If they've done it the right way, members of the Class of 2016 are just coming back from their Best. Summer. Ever. to realize it may be time to get serious about college. Since many college-bound families started their search in junior year, the biggest question they have right now is "What's changed over the summer?"
First things first: In the form's acronym lies the secret to avoiding the money pitfalls--FAFSA is short for "FREE Application for Federal Student Aid." Yeah, I know, filling it out is time-consuming, but it's doable. It's also complex and requires information that you're going to have to bird-dog, but it is free.
With billions of dollars available annually for students to pay for their education, most college students utilize at least one type of financial aid. Financial aid options come from federal and state governments, individual colleges, or private organizations, and is available in the following forms.
Paying for college is not easy. To help out high school graduates and their families, there are many different sources of financial aid to help pay for private universities. Here's what every incoming college student and their family needs to know about the financial aid process for private universities.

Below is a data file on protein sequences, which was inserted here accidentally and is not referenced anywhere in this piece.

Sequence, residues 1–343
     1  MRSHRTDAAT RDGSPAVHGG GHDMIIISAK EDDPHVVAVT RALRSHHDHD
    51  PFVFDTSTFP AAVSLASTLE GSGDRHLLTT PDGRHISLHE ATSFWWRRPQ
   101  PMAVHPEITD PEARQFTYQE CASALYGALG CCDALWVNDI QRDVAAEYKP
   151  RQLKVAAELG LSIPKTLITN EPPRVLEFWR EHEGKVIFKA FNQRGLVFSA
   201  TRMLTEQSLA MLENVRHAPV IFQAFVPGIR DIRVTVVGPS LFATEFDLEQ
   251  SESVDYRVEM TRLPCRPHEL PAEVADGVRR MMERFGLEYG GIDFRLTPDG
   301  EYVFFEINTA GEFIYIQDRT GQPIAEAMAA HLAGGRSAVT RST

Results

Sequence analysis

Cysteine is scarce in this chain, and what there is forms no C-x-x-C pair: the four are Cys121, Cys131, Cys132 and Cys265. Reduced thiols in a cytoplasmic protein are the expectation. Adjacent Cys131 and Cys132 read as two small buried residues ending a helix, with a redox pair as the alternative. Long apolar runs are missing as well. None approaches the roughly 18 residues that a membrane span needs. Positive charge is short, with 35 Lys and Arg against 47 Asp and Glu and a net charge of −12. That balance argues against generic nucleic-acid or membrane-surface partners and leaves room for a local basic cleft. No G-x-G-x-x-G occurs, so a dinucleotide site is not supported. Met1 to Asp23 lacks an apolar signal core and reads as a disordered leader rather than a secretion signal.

Whether you're a parent with a child currently in diapers or a student planning to graduate from high school fairly soon, it is worthwhile to study the Free Application for Federal Student Aid (FAFSA) -- a 130-question form that determines who qualifies for a piece of $150 billion in federal grants, loans and work-study funds -- well in advance.
Most families aren't able to cover the full cost of their children's college experience, which means financial aid will play at least a part of their college planning. If you're thinking about applying for financial aid for your college-aged student (or thinking ahead for a child who's got some time left to go), here are the fundamentals you need to know.